From The Desk Of A Sunny Day In Glasgow: The Voynich Manuscript

It’s no longer an aberration for artists to collaborate in the cloud, given the ease with which most of the world accesses high-speed internet. And A Sunny Day In Glasgow—collectively based in Philadelphia, Brooklyn and Sydney, Australia—creates the sort of impressionistic guitar pop that feels ripe for working in the ether. But that doesn’t mean the process of writing fine new album Sea When Absent (Lefse) across three cities and two hemispheres was ideal. In fact, the method was so present that it became a centerpiece of its narrative. The band will be guest editing all week. Read our new feature on the band.


Jen Goma: The Voynich Manuscript has long been a source of fascination to me. An illustrated codex handwritten in an unknown writing system, the book has been carbon dated back to the early 15th century, but that’s about all anyone knows about its origins for sure. It has been the subject of immense speculation throughout the ages, with professional and amateur code breakers and cryptographers attempting to uncover its secrets (if, indeed, it has any secrets) since the WWI.

Rare book dealer William Voynich purchased the manuscript in Italy during a book sale at a Jesuit college. It was Voynich who first brought it to public attention in 1912. Research soon revealed that a book matching its description had been mentioned in a letter in 1666, as a notable and mysterious book in the collection of Emperor Rudolf II. The author of the letter theorized that the author of it was polymath Francis Bacon.

Here’s what people know for sure:

1) It appears that at one point it was 272 pages, though some have been removed, and we have only 240.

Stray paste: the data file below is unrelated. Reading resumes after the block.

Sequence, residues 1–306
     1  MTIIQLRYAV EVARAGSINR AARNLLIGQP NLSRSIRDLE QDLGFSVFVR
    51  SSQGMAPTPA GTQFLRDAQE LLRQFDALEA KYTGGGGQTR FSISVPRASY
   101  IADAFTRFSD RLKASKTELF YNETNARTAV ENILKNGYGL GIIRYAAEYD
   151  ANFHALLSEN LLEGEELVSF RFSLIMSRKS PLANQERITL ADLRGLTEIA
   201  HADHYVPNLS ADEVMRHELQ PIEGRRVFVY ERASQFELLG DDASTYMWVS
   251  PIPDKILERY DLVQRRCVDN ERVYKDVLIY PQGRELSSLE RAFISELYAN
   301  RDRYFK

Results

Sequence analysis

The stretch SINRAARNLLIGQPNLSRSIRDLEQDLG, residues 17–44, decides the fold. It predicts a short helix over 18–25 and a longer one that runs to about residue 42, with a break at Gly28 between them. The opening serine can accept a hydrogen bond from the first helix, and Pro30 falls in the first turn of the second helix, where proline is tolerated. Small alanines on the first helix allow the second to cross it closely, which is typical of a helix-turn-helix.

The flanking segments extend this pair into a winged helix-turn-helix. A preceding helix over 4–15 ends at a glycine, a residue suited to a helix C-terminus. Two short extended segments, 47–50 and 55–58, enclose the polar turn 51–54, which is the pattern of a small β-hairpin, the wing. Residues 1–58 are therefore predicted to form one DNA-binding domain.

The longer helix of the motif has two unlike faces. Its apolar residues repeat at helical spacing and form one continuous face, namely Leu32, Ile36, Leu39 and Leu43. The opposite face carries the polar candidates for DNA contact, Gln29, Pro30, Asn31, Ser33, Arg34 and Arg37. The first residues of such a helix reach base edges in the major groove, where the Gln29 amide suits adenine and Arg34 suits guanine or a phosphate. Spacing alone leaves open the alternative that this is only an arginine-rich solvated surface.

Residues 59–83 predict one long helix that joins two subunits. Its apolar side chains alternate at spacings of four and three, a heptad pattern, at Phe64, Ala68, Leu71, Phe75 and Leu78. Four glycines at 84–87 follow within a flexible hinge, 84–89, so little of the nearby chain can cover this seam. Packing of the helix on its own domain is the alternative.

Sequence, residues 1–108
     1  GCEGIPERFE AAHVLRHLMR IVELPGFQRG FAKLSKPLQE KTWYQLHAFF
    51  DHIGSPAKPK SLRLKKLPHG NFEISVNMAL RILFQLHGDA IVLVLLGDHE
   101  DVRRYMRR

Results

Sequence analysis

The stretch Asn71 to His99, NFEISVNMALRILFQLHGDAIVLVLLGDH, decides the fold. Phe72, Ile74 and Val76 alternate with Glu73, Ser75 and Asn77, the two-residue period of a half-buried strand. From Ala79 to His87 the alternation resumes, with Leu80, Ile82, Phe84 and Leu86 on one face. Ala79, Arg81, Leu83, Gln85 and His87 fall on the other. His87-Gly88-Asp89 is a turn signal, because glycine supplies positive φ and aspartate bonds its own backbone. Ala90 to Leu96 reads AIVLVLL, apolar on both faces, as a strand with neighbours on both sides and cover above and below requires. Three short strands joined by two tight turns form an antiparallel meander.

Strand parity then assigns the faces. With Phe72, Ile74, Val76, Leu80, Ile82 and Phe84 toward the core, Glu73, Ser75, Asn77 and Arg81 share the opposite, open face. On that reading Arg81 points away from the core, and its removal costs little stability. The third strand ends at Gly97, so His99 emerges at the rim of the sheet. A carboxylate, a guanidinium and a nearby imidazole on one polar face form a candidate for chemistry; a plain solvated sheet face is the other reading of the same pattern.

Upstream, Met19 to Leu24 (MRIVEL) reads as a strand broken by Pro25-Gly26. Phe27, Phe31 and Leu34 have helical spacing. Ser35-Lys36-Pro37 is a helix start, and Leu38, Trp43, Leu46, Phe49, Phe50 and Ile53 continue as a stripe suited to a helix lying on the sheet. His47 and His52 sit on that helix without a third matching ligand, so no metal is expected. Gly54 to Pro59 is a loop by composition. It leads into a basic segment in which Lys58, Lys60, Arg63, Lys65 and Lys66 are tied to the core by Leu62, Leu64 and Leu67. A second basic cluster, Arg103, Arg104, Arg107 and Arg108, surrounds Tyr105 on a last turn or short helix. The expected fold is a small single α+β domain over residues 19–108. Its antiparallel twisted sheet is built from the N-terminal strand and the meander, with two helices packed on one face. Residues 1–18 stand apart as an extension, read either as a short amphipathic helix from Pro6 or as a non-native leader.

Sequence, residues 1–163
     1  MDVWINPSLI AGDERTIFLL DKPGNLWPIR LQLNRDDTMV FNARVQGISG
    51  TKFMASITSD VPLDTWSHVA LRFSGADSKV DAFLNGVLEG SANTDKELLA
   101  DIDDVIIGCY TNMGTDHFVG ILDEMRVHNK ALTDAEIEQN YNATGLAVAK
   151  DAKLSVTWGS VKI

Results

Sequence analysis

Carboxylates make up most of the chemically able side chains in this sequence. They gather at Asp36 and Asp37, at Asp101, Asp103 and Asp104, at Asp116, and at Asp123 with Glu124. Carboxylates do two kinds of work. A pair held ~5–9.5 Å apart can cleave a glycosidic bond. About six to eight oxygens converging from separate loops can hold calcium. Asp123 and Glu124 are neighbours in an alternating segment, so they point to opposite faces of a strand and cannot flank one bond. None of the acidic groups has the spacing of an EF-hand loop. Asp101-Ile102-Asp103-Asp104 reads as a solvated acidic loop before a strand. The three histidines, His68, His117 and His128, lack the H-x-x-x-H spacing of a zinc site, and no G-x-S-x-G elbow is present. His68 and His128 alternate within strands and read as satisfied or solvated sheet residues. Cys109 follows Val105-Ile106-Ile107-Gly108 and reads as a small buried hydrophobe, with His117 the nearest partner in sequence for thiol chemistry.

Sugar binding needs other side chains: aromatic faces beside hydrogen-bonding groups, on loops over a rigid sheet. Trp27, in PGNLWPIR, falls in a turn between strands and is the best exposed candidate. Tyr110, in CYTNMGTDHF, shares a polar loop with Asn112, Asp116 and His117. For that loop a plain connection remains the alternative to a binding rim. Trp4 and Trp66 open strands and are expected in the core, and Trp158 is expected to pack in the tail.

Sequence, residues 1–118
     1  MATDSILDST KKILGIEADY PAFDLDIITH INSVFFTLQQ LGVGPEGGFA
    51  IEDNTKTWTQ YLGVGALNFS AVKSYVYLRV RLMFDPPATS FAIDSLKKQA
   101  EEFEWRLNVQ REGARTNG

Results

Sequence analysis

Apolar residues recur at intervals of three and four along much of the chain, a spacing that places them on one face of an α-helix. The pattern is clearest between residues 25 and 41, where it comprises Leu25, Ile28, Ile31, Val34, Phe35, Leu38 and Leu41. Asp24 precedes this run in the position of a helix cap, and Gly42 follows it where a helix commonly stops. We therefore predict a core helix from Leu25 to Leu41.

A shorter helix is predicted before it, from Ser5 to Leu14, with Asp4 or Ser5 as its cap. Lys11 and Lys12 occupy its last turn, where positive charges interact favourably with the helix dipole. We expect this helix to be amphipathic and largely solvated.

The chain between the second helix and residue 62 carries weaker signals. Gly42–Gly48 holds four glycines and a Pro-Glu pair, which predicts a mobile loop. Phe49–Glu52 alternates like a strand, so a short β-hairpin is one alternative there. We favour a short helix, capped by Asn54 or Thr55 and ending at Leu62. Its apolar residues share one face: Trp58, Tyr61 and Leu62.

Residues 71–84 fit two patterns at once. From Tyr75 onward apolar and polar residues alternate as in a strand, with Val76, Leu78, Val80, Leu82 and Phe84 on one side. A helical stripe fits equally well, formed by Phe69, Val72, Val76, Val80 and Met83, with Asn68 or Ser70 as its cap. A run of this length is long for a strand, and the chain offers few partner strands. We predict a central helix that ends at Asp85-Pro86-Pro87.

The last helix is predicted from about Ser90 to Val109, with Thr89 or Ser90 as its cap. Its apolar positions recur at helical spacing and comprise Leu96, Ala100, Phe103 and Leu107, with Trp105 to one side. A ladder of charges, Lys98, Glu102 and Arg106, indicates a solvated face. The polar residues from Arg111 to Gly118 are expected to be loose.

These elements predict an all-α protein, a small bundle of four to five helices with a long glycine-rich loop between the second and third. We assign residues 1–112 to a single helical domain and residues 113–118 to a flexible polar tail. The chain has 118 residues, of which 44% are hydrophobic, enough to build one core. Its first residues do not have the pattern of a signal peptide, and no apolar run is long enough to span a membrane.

2) These pages contains about 170,000 glyphs, which can be ordered into an alphabet of about 30 recurring combinations. Statistical analysis has revealed that the order follows almost all patterns of “natural language,” which means that to most linguistic experts, this very well could be a coded language, or perhaps even a lost language.

3) In addition to the script, there are illustrations on every page. These illustrations depict plants that don’t exist, astrological or astronomical charts that appear to be impossible, and nude women bathing in tubs connected by pipes that closely resemble human anatomy. They are beautiful illustrations, and they never fail to unnerve me.

4) There is also a section that appears to be an ingredient list, complete with instructions for brewing, which led some medieval thinkers to hypothesize that perhaps the book held the secret to eternal life.

Its totally impenetrable nature have led some to hypothesize that it might be some kind of epic medieval prank, perpetuated for money or perhaps just medieval lolz. But that hasn’t stopped people from falling into its abyss. Many academics have staked their reputations and careers on deciphering the Voynich Manuscript, and most have come out the other end empty handed and ridiculed. Some experts have even described the study of these indecipherable manuscripts as “academic suicide.” Perhaps the stigma surrounding it explains why before 2004, the manuscript hadn’t appeared as subject in a single peer-reviewed journal in 50 years.

As for me, I discovered this wonderful, enduring mystery when reading about how Glossolalia, a term for the fluid vocalizing of speech-like syllables that lack any comprehended meaning (often for religious purposes, like speaking in tongues), informed the glorious singing style of the Cocteau Twins’ Liz Fraser. Some linguists believe that the Voynich Manuscript is neither hoax nor codex, but rather a written expression of the inexpressible.

To be honest, the total mutability of the manuscript’s meaning is my favorite thing about it. It has endured for hundreds of years, a piece of blank canvas onto which people can project their desires. Lost natural language, uncrackable code, secret to eternal life or what ever else you wish to believe about it, the book will not disappoint you.